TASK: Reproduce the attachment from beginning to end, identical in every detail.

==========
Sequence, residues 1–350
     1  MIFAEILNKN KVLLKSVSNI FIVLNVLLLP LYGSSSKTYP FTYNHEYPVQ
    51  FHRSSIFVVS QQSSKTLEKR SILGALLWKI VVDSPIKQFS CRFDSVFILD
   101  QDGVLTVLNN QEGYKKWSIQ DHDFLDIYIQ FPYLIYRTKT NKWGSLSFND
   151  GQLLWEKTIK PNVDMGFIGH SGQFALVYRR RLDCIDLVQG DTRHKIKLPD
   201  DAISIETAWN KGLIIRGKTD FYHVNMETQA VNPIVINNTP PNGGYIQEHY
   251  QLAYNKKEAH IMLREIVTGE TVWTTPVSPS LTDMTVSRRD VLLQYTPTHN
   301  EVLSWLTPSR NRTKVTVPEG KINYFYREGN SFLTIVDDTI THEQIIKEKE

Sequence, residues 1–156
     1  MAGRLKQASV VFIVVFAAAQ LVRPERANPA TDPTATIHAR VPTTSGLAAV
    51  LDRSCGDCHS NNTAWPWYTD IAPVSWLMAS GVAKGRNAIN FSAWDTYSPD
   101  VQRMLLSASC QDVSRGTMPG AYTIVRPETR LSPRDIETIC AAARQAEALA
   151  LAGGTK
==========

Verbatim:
Sequence, residues 1–350
     1  MIFAEILNKN KVLLKSVSNI FIVLNVLLLP LYGSSSKTYP FTYNHEYPVQ
    51  FHRSSIFVVS QQSSKTLEKR SILGALLWKI VVDSPIKQFS CRFDSVFILD
   101  QDGVLTVLNN QEGYKKWSIQ DHDFLDIYIQ FPYLIYRTKT NKWGSLSFND
   151  GQLLWEKTIK PNVDMGFIGH SGQFALVYRR RLDCIDLVQG DTRHKIKLPD
   201  DAISIETAWN KGLIIRGKTD FYHVNMETQA VNPIVINNTP PNGGYIQEHY
   251  QLAYNKKEAH IMLREIVTGE TVWTTPVSPS LTDMTVSRRD VLLQYTPTHN
   301  EVLSWLTPSR NRTKVTVPEG KINYFYREGN SFLTIVDDTI THEQIIKEKE

Sequence, residues 1–156
     1  MAGRLKQASV VFIVVFAAAQ LVRPERANPA TDPTATIHAR VPTTSGLAAV
    51  LDRSCGDCHS NNTAWPWYTD IAPVSWLMAS GVAKGRNAIN FSAWDTYSPD
   101  VQRMLLSASC QDVSRGTMPG AYTIVRPETR LSPRDIETIC AAARQAEALA
   151  LAGGTK